Addis Ababa Love ii

A World Of Water

As we observed reports about the crisis in Aleppo, drinking A-grade water that was as clear as glass seemed like such a blessing that I couldn’t help taking each gulp as a gift. And without insensitive diversion, the subject of water turned once more to her idea that it was in best interest working towards acquisition of some Blue Nile stock because the Grand Ethiopian Renaissance Dam project offered undeniable prospects in terms of securing a lucrative retirement investment opportunity.

She was a descendant of the 25th dynasty, Taharqa to be specific, so naturally she was full of ambition. A woman of action, her lofty goals had gotten her so far already but she was always humble in her approach. I think perhaps that had to do with the fact that she still respected the Christian ideals of her 4th century Ethiopian ancestors as she liked to refer to them and always in her heart stayed true to her roots.

She was very in touch with her cultural heritage in many aspects but her curious mind was what had made the bond between us so strong. She was first an anthropologist before she decided to pursue her career as a behavioural economist. The fact I thought her sharper than myself amplified my attraction.

I wanted children with her. It was her noble nature, charm and fine sensibility, sense of humour and divine beauty that had always amazed me and for her to have chosen me – a sinner – had restored my worthiness. But I suppose I made enough sacrifices to prove my love and she knew that would be hard to replace and to find another with the unique qualities I possessed would be unlikely.

However, it was because of her that we were here in the first place. Her job working for the NGO provided ample benefits that it was only sensible to relocate with her to strengthen our relationship and I suppose to follow a steadier path instead of my peripatetic lifestyle up to that point. Also, since my literary endeavours were beginning to seem as mere childhood fantasies I probably was never going to outgrow instead of proper career choices with real accumulative benefits, and for our future family’s sake, stability and all – I figured I may as well somewhat finally give a real go at settling down with the woman I loved.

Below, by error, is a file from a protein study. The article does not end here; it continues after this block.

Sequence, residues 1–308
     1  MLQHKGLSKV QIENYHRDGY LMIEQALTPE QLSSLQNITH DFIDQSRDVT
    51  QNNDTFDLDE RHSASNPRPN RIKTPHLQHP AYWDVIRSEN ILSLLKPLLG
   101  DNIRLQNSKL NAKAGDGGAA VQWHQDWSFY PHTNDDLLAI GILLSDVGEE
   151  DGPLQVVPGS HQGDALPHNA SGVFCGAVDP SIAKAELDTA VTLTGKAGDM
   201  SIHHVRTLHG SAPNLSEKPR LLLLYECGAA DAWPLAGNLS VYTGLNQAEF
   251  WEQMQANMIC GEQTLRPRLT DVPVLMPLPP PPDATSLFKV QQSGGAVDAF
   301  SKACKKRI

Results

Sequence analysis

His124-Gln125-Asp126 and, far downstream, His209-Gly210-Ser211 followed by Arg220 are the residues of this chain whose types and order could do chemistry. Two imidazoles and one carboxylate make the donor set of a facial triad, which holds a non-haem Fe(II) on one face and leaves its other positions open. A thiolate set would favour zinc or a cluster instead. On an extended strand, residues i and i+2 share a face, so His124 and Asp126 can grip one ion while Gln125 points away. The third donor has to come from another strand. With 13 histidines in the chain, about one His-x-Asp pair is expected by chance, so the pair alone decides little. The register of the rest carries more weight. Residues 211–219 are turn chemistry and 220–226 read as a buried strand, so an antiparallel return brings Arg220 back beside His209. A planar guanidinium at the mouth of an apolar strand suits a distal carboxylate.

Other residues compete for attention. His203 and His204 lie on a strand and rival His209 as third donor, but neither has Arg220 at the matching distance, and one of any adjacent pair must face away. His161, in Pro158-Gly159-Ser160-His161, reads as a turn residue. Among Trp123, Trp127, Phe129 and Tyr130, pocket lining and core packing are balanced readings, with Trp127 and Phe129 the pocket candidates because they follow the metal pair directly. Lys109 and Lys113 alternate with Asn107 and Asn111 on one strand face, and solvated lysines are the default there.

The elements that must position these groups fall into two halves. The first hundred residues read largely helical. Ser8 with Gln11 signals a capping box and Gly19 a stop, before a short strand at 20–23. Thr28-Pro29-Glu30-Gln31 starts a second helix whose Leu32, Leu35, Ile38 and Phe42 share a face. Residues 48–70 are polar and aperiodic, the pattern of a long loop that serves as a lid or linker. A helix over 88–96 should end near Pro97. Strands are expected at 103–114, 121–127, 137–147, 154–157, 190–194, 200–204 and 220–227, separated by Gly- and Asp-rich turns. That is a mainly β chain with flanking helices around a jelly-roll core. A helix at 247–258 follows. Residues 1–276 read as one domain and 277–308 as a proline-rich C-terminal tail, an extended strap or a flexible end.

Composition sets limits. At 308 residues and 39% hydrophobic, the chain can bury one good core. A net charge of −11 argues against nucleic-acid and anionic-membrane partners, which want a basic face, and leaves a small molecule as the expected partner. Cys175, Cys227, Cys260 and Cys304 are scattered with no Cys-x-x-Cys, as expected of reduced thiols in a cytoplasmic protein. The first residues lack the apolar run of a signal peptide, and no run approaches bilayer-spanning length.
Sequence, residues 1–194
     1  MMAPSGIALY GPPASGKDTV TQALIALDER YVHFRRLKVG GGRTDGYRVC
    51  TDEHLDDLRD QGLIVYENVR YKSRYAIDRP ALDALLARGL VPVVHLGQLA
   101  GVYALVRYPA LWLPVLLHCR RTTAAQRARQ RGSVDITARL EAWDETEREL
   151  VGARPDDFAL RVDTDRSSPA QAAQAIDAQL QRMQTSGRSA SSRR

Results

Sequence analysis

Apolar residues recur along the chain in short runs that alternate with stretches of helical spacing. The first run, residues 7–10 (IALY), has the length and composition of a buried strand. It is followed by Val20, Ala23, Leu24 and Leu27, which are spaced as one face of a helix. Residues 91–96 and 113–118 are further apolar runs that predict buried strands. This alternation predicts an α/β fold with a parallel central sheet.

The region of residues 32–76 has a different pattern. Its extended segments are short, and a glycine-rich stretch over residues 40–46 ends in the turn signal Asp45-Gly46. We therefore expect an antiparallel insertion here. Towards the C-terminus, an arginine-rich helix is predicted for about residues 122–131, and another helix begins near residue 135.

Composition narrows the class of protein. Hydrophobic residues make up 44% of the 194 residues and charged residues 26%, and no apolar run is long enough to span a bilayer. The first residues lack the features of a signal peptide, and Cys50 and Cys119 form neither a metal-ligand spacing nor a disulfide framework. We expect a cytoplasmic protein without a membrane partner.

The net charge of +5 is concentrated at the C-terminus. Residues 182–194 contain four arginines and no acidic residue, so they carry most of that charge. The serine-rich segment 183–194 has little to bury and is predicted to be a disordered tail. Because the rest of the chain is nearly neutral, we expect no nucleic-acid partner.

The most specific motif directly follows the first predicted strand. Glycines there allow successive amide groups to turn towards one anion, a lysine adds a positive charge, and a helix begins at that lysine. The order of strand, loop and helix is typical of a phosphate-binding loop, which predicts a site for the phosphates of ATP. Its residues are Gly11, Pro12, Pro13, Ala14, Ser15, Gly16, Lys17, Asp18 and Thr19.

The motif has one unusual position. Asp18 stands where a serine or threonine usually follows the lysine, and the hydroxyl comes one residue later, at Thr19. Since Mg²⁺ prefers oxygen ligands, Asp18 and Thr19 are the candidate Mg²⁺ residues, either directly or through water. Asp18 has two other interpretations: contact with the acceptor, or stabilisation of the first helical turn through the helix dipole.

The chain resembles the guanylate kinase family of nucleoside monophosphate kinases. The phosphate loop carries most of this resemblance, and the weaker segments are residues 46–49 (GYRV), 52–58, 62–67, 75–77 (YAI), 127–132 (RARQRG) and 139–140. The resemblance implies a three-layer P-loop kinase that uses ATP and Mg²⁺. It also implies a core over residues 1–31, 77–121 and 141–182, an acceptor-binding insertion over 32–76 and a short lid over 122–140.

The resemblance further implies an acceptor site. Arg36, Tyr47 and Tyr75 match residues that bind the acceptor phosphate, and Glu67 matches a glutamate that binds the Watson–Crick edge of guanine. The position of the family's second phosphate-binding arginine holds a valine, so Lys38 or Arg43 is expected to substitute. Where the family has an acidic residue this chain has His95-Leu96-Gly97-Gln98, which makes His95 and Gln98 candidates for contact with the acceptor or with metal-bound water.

But as reserved as I was about discussing business – out of natural empathy for the suffering going on in the world and which was clearly too much to ignore being the top news story of that day, on the other hand, I had to see things from her angle because she was always more practical than I ever was. She reminded me that water wars or wars of any kind are attributable to that which is in man’s mind – fear. And however much our grief, we must never forget that sincerity is the highest form of bravery and we must seize every given moment by harvesting insights that could inform and help us make better decisions that unlock the wealth of effective action and ultimately guarantee a bright future and thirst-free life.

So setting aside thoughts that seemed to offer no solution and focusing on actions that could benefit the family we were planning to have, I agreed with her proposition. After all, blue gold is what made Bush buy up the land above the The Guarani Aquifer, I thought. But before I could get carried away with my speculations, she unsurprisingly asked that we recite a little prayer for all in the world without adequate access to water.


© Heath Muchena, 2016

2 Comments on “Addis Ababa Love ii”

  1. vivachange77 says:

    Your beginning with gratitude for a single glass of water and ending with her prayer for the world’s people without easy access to water gives your piece global weight in the midst of intensively personal considerations. Meaningful conversation.

    Liked by 2 people

  2. I of July says:

    I’m pleased you found it meaningful . Thanks


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